Mollie (Mary) Schollum creates delightfully organic ceramic works, with a focus on glaze, texture, form and intricate detail.
Had you always had an affinity with clay and aspired to become a potter? When did you first establish an interest in ceramics?
I was first introduced to ceramics in 2015 when I was flatting with potter Latasha Wildman (nee Watson). Theresa Watson – Latasha’s mother had recently established the Ceramic College situated on a former church property and I enrolled in a night course - which became another night course and so on... We lived in a house on the grounds and I was very lucky to have access to the studio space and the expertise and encouragement from both Theresa and Latasha. This year I am excited to be studying ceramics at the Otago Polytechnic and looking forward to learning new skills and challenging myself.
You create beautiful hare sculptures, each individually named. How do you create each character? Is there a story behind each hare?
The first hare I made was when I was going through a massive change in life. I have collected hares for a number of years and she emerged from a vague idea of wanting to create a hare of my own.
I never measure or have a plan they just come into being, I am not really even thinking, my hands move and then clay takes shape. Their personalities develop with each firing and they can change from when first built right up to the last glaze firing. I have a collection of what would possibly be called seconds. These girls have done really interesting things, some have changed posture, cracked in interesting ways, and in one case her chest peeled off making her look like a warrior hare in armour.
What does a regular day in your studio look like?
I tend to start quite early and if I have made new items the day before I will clean up the pieces before they get too dry. These then get put on the drying shelf awaiting their first firing.
I will empty the kiln if it is cool and then will glaze any pieces that have already had their first firing.
I tend to have quite a lot of different ideas going on at once so a firing could be lots of small bowls or a mix of sculptural pieces and some of the experimental large pieces that I am currently working on. I try and make something everyday and it is usually in the evenings that I will work with raw clay to make new pieces.
Do you have a favourite spot in Aotearoa where you go to relax and seek out inspiration?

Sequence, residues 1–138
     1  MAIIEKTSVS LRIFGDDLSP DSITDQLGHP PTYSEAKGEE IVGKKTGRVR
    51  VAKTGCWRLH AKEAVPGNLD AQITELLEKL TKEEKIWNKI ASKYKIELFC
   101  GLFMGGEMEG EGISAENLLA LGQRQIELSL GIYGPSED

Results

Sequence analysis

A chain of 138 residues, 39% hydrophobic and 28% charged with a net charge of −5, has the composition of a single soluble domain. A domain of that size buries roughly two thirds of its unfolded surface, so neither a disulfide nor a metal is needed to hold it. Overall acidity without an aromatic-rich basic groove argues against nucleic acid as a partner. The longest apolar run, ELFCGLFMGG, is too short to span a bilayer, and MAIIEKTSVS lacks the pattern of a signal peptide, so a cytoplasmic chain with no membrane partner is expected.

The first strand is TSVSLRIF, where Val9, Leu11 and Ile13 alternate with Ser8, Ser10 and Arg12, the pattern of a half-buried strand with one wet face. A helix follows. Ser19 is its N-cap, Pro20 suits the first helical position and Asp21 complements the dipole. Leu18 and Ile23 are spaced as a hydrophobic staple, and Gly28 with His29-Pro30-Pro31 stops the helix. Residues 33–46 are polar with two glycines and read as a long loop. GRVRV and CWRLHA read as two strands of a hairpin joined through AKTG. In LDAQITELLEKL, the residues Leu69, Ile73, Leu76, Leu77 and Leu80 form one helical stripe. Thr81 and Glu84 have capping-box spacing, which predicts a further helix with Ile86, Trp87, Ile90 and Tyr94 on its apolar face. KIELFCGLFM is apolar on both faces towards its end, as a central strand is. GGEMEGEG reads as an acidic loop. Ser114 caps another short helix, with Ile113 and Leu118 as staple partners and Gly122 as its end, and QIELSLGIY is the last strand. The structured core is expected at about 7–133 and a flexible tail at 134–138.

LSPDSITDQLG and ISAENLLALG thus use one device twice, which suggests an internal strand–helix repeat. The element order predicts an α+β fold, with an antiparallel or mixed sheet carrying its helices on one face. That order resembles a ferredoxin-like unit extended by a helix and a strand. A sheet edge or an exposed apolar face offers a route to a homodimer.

It is hard to name a favourite spot. I love the bush and I love the beach in the winter when it is cold and windy. I moved to Dunedin in May last year so am still exploring here. One of the most amazing places I found is in Central Otago just outside of Macraes. It is an area called Moonlight, beautiful rock formations and hares, its wild and very cold in the winter but just stunning.
I often go to Aramoana Beach and walk there it is a beautiful spot and a very good place to clear the head and get inspiration from the land and sea.
You have a beautiful eye for colour, and your works are named after the natural environment and elements, do you begin with the idea and go from there or allow your works to take shape intuitively?
My work takes shape intuitively. I tend to start with a thought and then let it develop, not thinking too much about whether it is possible but just let the clay find its way. I have recently been making pieces in components that I then assemble for the second firing. When all put together they can move or slump or glazes run together. What goes into the kiln is not necessarily what comes out but it is always exciting to open it and see what has happened and then to build on that.
If you could meet any artist past or present, who would it be?
Artemisia Gentileschi a seventeenth century painter - at a time when women had few opportunities within the art world she was the first woman to become a member of the Accademia di Arte del Disegno in Florence. Her life story is confronting and she must have been an incredibly forceful woman. And of course Frida! I have been lucky to have been to several exhibitions whilst traveling and her bravery in painting her life and losses is quite overwhelming.
Your works have a focal point of texture and surface, do you have favourite methods of achieving that amazing texture?
I often create textures from things that I have found. My seaweed bowls use seaweed foraged from Aramoana beach on the inside and on the outside of the bowl I press in a rock also from Aramoana.
I am constantly collecting things that may be of use and I have an extensive stick, rock and foliage collection. I also use pieces of jewellery, old buttons, stamps that I have made and rollers from MKM pottery tools.
To view Mollie Schollum's full collection of ceramics, click here